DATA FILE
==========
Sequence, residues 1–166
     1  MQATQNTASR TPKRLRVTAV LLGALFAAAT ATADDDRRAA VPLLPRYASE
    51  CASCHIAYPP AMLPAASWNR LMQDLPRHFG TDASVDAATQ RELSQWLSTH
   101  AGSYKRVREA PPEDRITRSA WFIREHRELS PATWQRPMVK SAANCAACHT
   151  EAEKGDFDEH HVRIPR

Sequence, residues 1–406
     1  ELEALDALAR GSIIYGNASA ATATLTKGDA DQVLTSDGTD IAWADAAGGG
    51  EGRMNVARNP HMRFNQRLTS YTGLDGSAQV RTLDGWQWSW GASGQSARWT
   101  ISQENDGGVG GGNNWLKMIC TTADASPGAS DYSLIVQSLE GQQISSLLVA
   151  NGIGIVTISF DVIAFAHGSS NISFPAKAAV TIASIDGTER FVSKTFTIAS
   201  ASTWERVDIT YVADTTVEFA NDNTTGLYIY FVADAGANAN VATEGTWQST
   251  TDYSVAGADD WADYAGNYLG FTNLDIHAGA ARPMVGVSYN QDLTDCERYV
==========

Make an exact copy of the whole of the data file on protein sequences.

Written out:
Sequence, residues 1–166
     1  MQATQNTASR TPKRLRVTAV LLGALFAAAT ATADDDRRAA VPLLPRYASE
    51  CASCHIAYPP AMLPAASWNR LMQDLPRHFG TDASVDAATQ RELSQWLSTH
   101  AGSYKRVREA PPEDRITRSA WFIREHRELS PATWQRPMVK SAANCAACHT
   151  EAEKGDFDEH HVRIPR

Sequence, residues 1–406
     1  ELEALDALAR GSIIYGNASA ATATLTKGDA DQVLTSDGTD IAWADAAGGG
    51  EGRMNVARNP HMRFNQRLTS YTGLDGSAQV RTLDGWQWSW GASGQSARWT
   101  ISQENDGGVG GGNNWLKMIC TTADASPGAS DYSLIVQSLE GQQISSLLVA
   151  NGIGIVTISF DVIAFAHGSS NISFPAKAAV TIASIDGTER FVSKTFTIAS
   201  ASTWERVDIT YVADTTVEFA NDNTTGLYIY FVADAGANAN VATEGTWQST
   251  TDYSVAGADD WADYAGNYLG FTNLDIHAGA ARPMVGVSYN QDLTDCERYV